2009 Holden Commodore Omega Review

$8,790 $10,450 Dealer
  • Fuel Economy
  • Engine Power
  • CO2 Emissions
  • ANCAP Rating

Model Tested:

  • 2009 Holden Commodore Omega; 3.0-litre, six-cylinder, petrol; six-speed automatic; sedan - $39,990*

  • Metallic Paint $500 (Fitted); Matching Spare Wheel $350; Six CD Tuner $595; Sport Suspension & LSD $690; Country Pack Suspension $330; Bluetooth Connectivity $495; Rear Park Assist $495

CarAdvice Rating:

While the rest of the range receives Holden’s 210kW 3.6-litre six-cylinder directly injected engine, the Omega and Berlina receive a 3.0-litre six-cylinder engine, which produces 190kW and 290Nm. The smaller capacity engine is mated to a six-speed automatic gearbox; a chalk and cheese leap from its four-speed predecessor.

In a bid to reduce fuel consumption, Holden has also fitted low rolling resistance tyres to the Omega, helping reduce the fuel consumption from the MY9.5’s 10.6L/100km to an impressive 9.3L/100km.

Aside from SIDI badges on the boot lid and side flanges and twin exhausts, the Omega is aesthetically no different to its MY9.5 predecessor. It would have been nice to see some visual changes, as the design is getting dated since the Commodore’s 2006 release.

The interior also remains identical to the outgoing Omega. There’s plenty of leg and head room for the driver and front passenger, with exception leg room in the rear in comparison to the Ford Falcon XT.

Not only has straight line acceleration improved, the gearbox is a million times better. The outgoing four-speed automatic would drive you mad with its indecisive gear changes and constant shifting. The new six-speed gearbox works in unison with the SIDI motor to bring out its full potential.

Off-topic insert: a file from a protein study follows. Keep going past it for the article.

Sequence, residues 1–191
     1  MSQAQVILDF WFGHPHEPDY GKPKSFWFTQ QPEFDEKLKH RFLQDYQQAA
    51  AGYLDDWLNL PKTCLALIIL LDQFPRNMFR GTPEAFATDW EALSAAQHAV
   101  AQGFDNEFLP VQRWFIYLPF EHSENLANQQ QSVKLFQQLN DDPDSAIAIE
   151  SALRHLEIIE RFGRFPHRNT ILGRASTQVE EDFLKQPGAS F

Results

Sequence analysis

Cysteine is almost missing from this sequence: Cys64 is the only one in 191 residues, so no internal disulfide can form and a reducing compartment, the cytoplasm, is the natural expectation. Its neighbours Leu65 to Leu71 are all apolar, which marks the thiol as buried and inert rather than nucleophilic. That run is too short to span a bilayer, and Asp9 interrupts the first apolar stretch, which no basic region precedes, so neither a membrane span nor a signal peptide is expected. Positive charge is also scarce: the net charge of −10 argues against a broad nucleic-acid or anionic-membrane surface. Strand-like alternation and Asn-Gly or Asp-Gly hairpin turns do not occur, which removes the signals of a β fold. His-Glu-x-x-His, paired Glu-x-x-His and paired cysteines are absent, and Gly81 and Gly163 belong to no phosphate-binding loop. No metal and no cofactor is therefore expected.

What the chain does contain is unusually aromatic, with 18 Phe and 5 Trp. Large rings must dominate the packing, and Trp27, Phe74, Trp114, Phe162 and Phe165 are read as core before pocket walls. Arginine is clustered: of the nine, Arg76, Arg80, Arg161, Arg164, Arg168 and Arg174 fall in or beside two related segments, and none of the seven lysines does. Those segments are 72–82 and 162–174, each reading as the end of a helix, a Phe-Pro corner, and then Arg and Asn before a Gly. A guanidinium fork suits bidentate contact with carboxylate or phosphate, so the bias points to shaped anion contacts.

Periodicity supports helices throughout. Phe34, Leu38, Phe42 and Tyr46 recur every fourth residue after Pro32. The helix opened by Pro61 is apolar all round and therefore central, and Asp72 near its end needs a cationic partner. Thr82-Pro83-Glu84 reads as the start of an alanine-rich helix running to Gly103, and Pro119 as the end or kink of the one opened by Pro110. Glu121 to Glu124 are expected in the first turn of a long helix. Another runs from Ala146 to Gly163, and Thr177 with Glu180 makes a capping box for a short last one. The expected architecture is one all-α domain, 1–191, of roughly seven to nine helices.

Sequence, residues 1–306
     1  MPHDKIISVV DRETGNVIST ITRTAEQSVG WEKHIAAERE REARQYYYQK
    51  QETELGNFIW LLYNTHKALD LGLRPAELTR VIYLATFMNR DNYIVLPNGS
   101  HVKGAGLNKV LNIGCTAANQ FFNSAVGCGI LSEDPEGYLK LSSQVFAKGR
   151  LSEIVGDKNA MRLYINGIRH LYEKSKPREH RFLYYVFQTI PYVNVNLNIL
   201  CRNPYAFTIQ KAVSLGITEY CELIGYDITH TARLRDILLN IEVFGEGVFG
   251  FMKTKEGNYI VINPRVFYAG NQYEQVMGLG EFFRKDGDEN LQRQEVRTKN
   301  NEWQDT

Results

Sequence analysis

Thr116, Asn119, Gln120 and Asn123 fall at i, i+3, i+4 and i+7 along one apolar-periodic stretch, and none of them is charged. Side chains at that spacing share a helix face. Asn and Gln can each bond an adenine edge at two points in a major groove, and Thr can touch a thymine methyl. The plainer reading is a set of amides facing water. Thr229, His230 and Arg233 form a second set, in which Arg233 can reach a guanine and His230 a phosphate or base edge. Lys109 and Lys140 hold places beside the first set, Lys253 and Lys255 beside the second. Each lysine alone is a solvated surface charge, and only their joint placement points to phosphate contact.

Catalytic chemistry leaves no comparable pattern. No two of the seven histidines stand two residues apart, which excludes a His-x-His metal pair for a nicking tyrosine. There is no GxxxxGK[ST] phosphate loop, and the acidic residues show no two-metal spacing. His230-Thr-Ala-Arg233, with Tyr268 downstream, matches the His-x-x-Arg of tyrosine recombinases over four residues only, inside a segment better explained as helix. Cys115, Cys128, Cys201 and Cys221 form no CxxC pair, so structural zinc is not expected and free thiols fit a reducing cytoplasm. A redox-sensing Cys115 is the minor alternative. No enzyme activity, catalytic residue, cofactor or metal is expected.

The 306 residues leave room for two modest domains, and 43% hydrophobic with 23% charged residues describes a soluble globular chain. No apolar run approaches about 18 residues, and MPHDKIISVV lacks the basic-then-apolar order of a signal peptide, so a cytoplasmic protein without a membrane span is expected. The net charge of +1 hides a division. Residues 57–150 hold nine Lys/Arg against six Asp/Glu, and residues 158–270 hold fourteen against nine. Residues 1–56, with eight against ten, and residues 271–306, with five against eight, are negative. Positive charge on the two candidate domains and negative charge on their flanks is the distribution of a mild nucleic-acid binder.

Mid-range torque from 80km/h has also improved, making overtaking a far less daunting task. The drive can also pass for ‘sporty’ when selecting the tiptronic mode, with the driver shifting gears manually.

While the engine has literally transformed the Omega, the spongy brake feel is still lingering. The brakes feel progressive to a point and then feel firm, requiring more pressure to stop the vehicle.

The suspension is very soft and soaks up any type of road thrown at it. This adversely affects handling, increasing the body roll. As most drivers won’t care about handling, it’s a great setup for highways and country roads.

Standard features include: 16-inch alloy wheels, six-speaker stereo with single disc CD player, adjustable steering column (tilt and reach), air conditioning, electric windows, electric wing mirrors, cruise control, automatic headlights, auxiliary input socket, central locking, driver electric seat, alarm, trip computer, power steering, sunglass holder and cloth trim seats.

Omega pricing starts from $39,990*, an increase of $700 over the MY9.5 Omega.

The new engine has given the Omega the heart transplant it was desperately waiting for. While it won’t set the world on fire, it makes the Omega feel less like a slow moving boat and more like the fleet model it should be.


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